From Fedora Project Wiki

Intel IP2200 Wireless In Fedora 7 I have a laptop (Inspiron B130) from Dell, and it has a wireless card (Intel(R) PRO/Wireless 2200BG Network Connection). I also have a wireless connection established through a linksys router. How can I connect my laptop to the Internet by wireless? If you could explain to me whatever I have to do so that I can connect to the Internet by wireless, it will be very helpful for me as a beginner to Linux. Thank you.


-- Adrian Mowre

The kernel driver and firmware to support this card is included by default in Fedora 7. We recommend the Live images for desktop use which supports seamless wireless networking via Network Manager [1] which is enabled by default. If you have used the DVD image to install Fedora 7, you have to enable it manually. Network Manager is a background service that has both GNOME (nm-applet) and KDE (knetworkmanager) frontends.

Set the main service to automatically start on boot:

su -c '/sbin/chkconfig --level 345 NetworkManager on'

Set the dispatcher service to automatically start on boot:

su -c '/sbin/chkconfig --level 345 NetworkManagerDispatcher on'

Start the background services:

su -c '/sbin/service NetworkManager start ; /sbin/service NetworkManagerDispatcher start'

In the next release, the plan [2] is to enable Network Manager by default and use it system wide.



Distribution Upgrades And Peripherals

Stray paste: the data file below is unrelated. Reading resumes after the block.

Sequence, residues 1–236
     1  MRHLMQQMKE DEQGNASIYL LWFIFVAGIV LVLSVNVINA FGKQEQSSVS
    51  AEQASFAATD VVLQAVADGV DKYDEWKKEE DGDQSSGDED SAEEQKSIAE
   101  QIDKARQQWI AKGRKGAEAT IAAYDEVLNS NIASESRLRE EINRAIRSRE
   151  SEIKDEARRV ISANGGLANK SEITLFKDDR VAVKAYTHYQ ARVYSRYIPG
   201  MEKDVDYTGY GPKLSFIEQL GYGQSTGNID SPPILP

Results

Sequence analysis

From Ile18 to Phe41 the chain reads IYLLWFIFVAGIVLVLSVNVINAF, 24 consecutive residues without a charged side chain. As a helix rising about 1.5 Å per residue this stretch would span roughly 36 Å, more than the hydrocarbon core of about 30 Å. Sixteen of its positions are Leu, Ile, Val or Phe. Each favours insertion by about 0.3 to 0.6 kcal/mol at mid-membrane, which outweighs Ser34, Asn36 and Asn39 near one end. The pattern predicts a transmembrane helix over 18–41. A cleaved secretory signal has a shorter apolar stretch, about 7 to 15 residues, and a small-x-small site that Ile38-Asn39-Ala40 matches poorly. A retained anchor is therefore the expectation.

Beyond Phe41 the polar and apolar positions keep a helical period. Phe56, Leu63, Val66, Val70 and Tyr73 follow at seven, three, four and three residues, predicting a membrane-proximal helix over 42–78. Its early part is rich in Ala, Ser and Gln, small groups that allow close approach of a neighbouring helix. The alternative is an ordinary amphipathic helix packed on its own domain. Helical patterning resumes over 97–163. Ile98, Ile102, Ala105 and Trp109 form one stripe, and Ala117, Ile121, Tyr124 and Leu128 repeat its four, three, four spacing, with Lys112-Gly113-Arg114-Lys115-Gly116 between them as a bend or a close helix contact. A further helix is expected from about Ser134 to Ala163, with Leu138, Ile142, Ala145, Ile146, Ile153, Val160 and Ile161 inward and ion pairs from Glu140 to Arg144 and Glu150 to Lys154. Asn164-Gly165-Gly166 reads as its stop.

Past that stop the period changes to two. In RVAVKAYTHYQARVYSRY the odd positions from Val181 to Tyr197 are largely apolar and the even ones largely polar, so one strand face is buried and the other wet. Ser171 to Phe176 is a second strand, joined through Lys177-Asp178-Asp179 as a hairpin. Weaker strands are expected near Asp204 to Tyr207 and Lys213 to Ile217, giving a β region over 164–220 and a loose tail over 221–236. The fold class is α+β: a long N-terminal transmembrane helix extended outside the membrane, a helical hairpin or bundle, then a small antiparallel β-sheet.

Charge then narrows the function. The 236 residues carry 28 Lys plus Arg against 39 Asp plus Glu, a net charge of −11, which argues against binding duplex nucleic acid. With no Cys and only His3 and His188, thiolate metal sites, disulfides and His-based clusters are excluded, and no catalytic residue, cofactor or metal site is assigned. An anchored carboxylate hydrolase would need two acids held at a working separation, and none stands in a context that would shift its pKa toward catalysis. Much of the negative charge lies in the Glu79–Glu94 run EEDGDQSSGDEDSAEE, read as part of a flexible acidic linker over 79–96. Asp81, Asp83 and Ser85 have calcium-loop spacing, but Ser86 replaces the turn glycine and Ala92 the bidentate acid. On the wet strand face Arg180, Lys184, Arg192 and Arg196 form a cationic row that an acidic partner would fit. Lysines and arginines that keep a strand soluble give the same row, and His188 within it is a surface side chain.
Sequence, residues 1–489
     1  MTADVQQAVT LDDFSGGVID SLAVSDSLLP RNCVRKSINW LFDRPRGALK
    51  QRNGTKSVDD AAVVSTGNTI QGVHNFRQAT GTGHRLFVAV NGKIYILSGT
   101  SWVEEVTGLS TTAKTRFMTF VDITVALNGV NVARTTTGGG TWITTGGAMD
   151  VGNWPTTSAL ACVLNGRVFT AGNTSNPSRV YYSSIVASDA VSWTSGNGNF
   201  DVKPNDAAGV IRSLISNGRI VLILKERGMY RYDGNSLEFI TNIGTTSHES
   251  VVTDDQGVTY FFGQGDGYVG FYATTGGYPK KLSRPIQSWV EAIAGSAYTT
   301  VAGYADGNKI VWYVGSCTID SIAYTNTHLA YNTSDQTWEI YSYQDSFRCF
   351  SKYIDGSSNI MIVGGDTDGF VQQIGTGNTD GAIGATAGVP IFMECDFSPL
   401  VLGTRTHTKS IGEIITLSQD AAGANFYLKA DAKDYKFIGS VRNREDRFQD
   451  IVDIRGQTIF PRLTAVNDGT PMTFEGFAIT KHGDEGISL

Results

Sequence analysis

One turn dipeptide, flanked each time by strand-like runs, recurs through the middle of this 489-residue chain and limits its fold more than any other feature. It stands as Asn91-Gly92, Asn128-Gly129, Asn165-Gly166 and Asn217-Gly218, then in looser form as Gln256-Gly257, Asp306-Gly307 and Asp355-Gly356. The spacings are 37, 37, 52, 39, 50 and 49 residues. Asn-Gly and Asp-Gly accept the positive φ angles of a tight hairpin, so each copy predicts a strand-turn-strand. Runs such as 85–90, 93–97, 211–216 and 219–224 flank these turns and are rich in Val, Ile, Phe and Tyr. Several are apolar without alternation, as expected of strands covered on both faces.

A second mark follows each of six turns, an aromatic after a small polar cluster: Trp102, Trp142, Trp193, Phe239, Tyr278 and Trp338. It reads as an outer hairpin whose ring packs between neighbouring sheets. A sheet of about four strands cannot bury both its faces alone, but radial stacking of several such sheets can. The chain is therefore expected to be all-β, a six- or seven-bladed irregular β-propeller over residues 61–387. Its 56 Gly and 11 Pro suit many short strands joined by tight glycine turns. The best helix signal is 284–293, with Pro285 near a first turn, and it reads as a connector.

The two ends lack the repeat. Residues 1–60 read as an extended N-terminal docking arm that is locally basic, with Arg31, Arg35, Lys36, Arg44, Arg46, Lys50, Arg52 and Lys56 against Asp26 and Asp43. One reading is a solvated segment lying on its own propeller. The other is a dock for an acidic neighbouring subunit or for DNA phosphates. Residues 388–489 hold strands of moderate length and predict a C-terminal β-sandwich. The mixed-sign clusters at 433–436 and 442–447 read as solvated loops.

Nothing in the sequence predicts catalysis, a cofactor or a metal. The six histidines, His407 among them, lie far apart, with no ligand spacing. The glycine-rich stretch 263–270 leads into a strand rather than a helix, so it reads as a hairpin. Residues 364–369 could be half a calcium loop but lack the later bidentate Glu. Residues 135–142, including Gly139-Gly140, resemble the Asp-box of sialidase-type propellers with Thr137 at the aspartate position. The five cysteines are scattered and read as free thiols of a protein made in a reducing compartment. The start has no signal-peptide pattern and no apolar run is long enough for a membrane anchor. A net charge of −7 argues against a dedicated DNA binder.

William Brown <>: Why is it when I upgrade to a new version of the same distro some of my peripherals won't function? I was using Fedora 6 and upgrade to Fedora 7. I thought an upgrade was to fix bugs and make things more user friendly. OK, I have to agree the GUI looks better but the overall functionaly seems to be the same. If we want to introduce more people to the Linux community and the Open Software way of computing then the developers have to concentrate on making the distros more user friendly instead of more complicated???

While the upgrades are intended to bring in more functionality and bug fixes, there tends to be some amount of regressions in newer releases too unfortunately. If you are having any issues with this release, do report those in Red Hat Bugzilla. In Fedora 7, the majority of work was on the infrastructure side merging in Fedora Core and Fedora Extras, open build system and distribution composing and customization tools, mirror manager etc but we did bring in a lot of new features for end users too[1] . Note that Fedora updates lifecycle [2] has been extended with Fedora 7 onwards to allow the flexibility for end users to skip alternative releases if necessary and if you believe that the advantages in the latest release are not compelling enough for you, you can take advantage of this flexibility while continuing to receive updates for the older version of Fedora.

We request the community to participate early in the testing process by using the development branch of Fedora called 'rawhide' or one of the three test releases, send feedback and report bugs[3] . Thank you for your support.




Yum Reverse Dependency Removal

Roberto Vanto <>: In my opinion yum should support reverse dependencies handling. Something like this:

Yum supports reverse dependencies just fine. Try, yum remove <packagename> and yum will automatically list all the packages that depend on it and prompt for removing all of them. One of the requested enhancements to this is to remove packages that has been installed as dependencies for the package you are removing if they are only needed for that particular package and this feature is under development as a yum plugin [1] . Meanwhile package-cleanup utility which is part of yum-utils package in Fedora is quite handy for a number of similar things.